The AFD or AFD II are very good cameras and the lenses are pretty good to. Remember that Mamiya MF cameras have had a huge chunk of the pro market for decades so it's unlikey that anyone will ever look at you images in isolation and say "hmmmm, if only he'd have bought the hassy".

There is much talk with the AFD II about the improved auto focus and I'd agree that it is better than it was but for me, it's still nowhere near good enough to really be of use. If you've never used an auto focus camera you might be impressed with it but if you've ever handled any 35mm style body it's not going to compare. Except perhaps the old Pentax ME-F.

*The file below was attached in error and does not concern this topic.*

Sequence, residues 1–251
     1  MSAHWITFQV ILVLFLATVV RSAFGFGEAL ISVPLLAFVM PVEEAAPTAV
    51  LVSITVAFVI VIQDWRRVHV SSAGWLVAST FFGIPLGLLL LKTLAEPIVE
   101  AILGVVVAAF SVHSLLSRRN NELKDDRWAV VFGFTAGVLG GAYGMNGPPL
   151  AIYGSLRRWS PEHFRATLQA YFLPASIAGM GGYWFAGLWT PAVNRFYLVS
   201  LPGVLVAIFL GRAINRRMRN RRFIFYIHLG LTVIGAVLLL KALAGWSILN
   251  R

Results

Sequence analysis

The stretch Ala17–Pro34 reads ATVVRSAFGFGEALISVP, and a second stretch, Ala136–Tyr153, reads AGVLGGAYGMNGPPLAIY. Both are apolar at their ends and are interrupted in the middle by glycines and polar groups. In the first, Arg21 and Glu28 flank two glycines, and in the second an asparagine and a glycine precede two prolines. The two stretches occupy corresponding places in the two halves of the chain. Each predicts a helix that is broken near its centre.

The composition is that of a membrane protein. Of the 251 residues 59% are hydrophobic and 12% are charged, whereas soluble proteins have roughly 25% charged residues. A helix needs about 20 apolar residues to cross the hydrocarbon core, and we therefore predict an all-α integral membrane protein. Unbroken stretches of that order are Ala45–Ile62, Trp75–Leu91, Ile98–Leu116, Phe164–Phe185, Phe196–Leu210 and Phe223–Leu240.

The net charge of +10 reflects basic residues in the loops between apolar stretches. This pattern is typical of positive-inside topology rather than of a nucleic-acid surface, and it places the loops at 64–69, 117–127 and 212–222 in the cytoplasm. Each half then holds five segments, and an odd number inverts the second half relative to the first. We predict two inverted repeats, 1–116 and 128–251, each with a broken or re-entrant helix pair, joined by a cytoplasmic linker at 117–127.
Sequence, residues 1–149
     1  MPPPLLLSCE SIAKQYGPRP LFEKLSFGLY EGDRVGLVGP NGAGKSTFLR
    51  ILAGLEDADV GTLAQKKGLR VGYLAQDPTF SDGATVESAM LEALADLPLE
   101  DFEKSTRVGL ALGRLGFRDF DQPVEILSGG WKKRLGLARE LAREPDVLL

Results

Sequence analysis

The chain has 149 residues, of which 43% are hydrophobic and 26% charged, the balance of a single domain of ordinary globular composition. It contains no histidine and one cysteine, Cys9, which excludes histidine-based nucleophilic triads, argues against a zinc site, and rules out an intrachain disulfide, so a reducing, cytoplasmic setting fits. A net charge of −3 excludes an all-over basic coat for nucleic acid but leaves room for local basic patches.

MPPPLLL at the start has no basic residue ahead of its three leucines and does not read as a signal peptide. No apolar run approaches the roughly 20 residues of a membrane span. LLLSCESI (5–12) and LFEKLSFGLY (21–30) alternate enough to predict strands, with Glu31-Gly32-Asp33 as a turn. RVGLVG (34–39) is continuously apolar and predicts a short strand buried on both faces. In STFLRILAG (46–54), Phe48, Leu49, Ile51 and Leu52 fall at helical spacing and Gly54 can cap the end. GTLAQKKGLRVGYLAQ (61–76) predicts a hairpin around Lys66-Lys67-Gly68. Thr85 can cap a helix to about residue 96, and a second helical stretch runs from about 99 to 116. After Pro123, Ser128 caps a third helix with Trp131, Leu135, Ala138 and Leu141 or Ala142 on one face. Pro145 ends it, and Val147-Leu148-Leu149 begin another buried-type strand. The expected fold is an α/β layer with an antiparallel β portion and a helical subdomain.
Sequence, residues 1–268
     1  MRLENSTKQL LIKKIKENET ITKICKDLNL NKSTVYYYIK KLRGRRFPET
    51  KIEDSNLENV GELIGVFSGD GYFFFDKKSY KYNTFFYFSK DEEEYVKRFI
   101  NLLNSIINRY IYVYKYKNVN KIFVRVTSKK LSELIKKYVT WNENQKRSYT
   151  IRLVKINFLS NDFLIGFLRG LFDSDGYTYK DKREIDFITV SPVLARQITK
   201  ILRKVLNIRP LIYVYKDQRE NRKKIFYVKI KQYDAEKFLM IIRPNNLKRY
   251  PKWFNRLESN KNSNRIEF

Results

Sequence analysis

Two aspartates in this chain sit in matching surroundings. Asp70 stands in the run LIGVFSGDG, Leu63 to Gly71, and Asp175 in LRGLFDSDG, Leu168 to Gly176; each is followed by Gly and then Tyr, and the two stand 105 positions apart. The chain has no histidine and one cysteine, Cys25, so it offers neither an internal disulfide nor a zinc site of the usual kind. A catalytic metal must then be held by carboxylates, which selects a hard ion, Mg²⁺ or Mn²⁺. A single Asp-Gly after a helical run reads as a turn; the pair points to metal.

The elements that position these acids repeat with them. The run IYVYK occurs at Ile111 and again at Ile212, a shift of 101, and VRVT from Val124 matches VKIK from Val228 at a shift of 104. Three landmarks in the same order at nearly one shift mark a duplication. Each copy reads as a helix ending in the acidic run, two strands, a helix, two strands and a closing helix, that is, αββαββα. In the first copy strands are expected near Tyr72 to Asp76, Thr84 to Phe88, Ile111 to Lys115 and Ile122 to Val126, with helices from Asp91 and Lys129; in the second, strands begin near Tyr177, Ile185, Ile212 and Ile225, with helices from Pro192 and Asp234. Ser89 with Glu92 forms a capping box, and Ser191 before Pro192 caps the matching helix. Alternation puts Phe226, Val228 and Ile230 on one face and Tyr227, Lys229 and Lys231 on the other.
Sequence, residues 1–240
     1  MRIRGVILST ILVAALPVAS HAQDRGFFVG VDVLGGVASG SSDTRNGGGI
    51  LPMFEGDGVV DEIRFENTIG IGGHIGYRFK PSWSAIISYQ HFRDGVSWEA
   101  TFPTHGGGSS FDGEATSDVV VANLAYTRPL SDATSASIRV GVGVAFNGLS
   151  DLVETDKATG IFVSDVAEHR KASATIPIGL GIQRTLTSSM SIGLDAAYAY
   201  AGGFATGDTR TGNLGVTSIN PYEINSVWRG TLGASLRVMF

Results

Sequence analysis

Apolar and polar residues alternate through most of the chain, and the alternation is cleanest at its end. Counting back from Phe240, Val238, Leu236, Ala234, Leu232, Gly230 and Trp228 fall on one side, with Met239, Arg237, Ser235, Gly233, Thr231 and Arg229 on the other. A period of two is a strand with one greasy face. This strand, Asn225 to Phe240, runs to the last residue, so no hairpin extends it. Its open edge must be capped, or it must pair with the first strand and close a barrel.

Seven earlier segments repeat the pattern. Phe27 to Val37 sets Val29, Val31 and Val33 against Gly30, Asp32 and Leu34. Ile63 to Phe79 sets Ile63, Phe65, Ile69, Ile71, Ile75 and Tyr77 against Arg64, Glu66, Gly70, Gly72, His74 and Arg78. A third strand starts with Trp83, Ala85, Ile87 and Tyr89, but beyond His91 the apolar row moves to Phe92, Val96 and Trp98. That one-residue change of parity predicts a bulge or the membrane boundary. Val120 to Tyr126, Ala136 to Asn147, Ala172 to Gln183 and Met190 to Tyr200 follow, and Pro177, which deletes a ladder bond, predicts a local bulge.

Because of this I saw no good reason to get the AFD II and 2nd hand AFD's can be had for well under 1000 now. This coupled with the vast range of good manual focus lenses you can use means you can put togther a very complete system for far less than any other MF digi back carrier.

D  
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« Reply #6 on: April 05, 2006, 09:09:50 PM »
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Thank you so much for your remarks, gentlemen.  They have been quite helpful, since I don't know anyone shooting with either camera brand/format nor have I had any experience with them myself.

At this point my plans are to pursue the Mamiya 645 AFD II or the original AFD.  While the Hasselblad might have a brighter viewfinder (and more cache) the Mamiya will likely meet my (probably) occasional needs more practically and economically.
[a href=\"index.php?act=findpost&pid=61379\"][{POST_SNAPBACK}][/a]

Hi